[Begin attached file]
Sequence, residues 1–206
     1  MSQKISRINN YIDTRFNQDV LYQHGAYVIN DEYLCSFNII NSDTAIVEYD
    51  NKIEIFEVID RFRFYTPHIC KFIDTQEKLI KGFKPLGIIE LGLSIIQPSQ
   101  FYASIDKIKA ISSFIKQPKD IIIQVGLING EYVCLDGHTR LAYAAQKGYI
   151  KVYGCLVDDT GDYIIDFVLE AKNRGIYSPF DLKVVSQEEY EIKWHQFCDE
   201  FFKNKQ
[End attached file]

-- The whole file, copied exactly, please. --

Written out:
Sequence, residues 1–206
     1  MSQKISRINN YIDTRFNQDV LYQHGAYVIN DEYLCSFNII NSDTAIVEYD
    51  NKIEIFEVID RFRFYTPHIC KFIDTQEKLI KGFKPLGIIE LGLSIIQPSQ
   101  FYASIDKIKA ISSFIKQPKD IIIQVGLING EYVCLDGHTR LAYAAQKGYI
   151  KVYGCLVDDT GDYIIDFVLE AKNRGIYSPF DLKVVSQEEY EIKWHQFCDE
   201  FFKNKQ